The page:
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Missing Wisconsin Democrats to face $100 per day fine

By David Ariosto, CNN
"Every day we fail to act on this just adds more and more to the cost," Gov. Scott Walker said.
"Every day we fail to act on this just adds more and more to the cost," Gov. Scott Walker said.
STORY HIGHLIGHTS
  • Republicans vote on a resolution that would fine missing Democrats $100 per day
  • The measure could make them forfeit their parking spaces and discretionary spending accounts
  • 14 Democratic state senators fled to Illinois to prevent a quorum on the budget bill
  • The second vote is scheduled for Friday

(CNN) -- Wisconsin Senate Republicans on Wednesday adopted a resolution that would fine missing Democrats $100 every day they remain away from the state capital, Senate Majority Leader Scott Fitzgerald told reporters.

The measure could also force the absentee lawmakers to forfeit their parking spaces and discretionary spending accounts.

The Democratic lawmakers were not immediately available for comment.

Fourteen Democratic state senators have fled to Illinois to prevent a quorum on a budget bill that would curtail the collective bargaining rights of most public-sector workers.

The state Senate has to pass a second round of individual resolutions that target each missing lawmaker before the fines will take effect, said Fitzgerald spokesman Andrew Welhouse.

The second vote is scheduled for Friday and would go into effect immediately after its presumed passage.

Republicans need a single Democrat to cross party lines and rejoin the 33-member legislature to meet the quorum of 20 lawmakers required in a vote on the controversial budget repair bill. Only 17 lawmakers are required for most other issues.

Meanwhile, the state's budget showdown showed no signs of abating as Republican Governor Scott Walker again took to the airwaves Wednesday to defend his belt-tightening measure.

Wisconsin budget battle continues
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"Every day we fail to act on this just adds more and more to the cost," Walker told reporters. "It's important for those 14, or at least some of those 14 state senators, to come back home."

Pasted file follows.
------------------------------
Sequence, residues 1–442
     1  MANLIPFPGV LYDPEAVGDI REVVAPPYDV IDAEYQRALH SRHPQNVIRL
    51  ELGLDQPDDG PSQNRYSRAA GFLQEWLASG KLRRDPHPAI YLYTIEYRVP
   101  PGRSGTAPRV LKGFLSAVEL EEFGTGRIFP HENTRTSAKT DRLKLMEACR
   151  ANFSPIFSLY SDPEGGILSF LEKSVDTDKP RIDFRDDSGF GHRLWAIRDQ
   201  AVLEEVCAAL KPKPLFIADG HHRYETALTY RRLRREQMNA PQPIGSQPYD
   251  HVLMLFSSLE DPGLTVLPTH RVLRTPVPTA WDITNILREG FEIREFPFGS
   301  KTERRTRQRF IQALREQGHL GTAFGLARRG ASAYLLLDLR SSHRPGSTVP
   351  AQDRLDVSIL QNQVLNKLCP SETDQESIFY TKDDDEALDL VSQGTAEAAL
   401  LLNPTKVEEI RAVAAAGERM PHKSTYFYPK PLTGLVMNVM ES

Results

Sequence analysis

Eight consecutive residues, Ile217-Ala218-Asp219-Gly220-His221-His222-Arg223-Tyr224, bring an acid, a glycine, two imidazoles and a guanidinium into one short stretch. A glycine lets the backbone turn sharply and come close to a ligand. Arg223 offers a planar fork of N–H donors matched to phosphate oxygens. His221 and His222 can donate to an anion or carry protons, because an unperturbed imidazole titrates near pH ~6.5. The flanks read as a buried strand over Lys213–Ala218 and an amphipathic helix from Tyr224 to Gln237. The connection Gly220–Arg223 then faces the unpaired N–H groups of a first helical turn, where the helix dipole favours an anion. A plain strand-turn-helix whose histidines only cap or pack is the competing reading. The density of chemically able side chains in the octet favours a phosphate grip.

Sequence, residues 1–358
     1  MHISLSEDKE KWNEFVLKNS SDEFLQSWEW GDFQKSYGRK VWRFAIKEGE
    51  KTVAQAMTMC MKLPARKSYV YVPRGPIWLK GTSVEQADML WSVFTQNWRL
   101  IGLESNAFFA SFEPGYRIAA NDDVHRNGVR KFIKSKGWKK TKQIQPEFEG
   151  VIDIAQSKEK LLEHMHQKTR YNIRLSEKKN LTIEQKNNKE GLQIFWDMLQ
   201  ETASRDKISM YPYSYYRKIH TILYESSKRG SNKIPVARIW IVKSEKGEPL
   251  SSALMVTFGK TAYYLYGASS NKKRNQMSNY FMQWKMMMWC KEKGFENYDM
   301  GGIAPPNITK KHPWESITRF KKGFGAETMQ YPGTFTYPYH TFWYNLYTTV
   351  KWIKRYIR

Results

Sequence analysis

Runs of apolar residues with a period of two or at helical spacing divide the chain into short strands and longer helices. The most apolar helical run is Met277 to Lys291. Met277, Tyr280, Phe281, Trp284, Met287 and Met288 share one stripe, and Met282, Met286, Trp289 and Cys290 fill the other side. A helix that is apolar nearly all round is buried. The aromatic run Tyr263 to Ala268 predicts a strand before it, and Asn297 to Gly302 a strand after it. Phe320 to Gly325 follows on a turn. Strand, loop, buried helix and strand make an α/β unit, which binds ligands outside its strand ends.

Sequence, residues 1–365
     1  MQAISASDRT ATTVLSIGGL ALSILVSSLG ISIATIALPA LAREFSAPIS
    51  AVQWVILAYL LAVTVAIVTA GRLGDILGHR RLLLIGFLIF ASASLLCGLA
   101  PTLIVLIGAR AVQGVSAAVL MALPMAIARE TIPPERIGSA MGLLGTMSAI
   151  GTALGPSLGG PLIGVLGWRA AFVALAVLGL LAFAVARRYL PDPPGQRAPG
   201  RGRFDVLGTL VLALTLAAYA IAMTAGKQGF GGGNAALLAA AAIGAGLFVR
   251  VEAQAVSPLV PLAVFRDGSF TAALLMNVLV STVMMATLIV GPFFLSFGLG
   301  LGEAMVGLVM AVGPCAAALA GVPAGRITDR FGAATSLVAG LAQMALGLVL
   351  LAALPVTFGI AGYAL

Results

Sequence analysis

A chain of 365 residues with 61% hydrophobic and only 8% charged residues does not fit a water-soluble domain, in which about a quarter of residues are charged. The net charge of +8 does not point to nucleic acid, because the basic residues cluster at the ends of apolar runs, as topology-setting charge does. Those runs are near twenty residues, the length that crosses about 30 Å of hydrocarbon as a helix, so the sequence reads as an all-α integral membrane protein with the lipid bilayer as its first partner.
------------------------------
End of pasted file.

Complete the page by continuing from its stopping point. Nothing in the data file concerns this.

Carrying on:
Passage of the budget repair bill, which would apply to the current spending plan, would limit collective bargaining to wages. Any pay increases beyond the rate of inflation would be subject to voter approval.

It would also require public workers -- with the exception of police and firefighters -- to cover more of their retirement plans and health care premiums.

Union leaders have agreed to pay more for benefits, but view restricting bargaining rights as tantamount to an assault on workers' rights.

Walker has toured the state for days in an effort to pressure the AWOL Democrats to return, defending the measure as a needed reform to union influence. But Democrats have refused pending a compromise on a bill that has drawn thousands to the state capitol in protest.

Wisconsin is confronted with a looming $137 million budget shortfall at the end of the fiscal year, June 30. The state faces a $3.6 billion budget gap by 2013.

Lawmakers face a March 16 deadline to balance the budget, officials said.

But budget battles involving workers' rights are not limited to Wisconsin.

In Ohio, the state's Senate passed a bill on Wednesday that would curb the collective bargaining rights of public workers and strip away their power to strike. The legislation moves on to the Republican-controlled House where lawmakers are expected to take up the measure on March 10.

In Indiana -- much like in Wisconsin -- Democratic lawmakers fled to neighboring Illinois over a Republican-backed proposal that union supporters say will restrict workers' rights.

Amid the stalemate, Indiana Democratic House Minority leader Pat Bauer travelled back from Illinois Wednesday and met with Republican House Speaker Brian Bosma. The results of that meeting are unclear.

In California, lawmakers introduced a bill that would do away with collective bargaining of pension benefits for the state's public employees. The state's governor, Democrat Jerry Brown, has imposed a statewide hiring freeze across all government agencies.

Critics label the moves anti-union, while their supporters often describe the measures as overdue and needed reforms.

 
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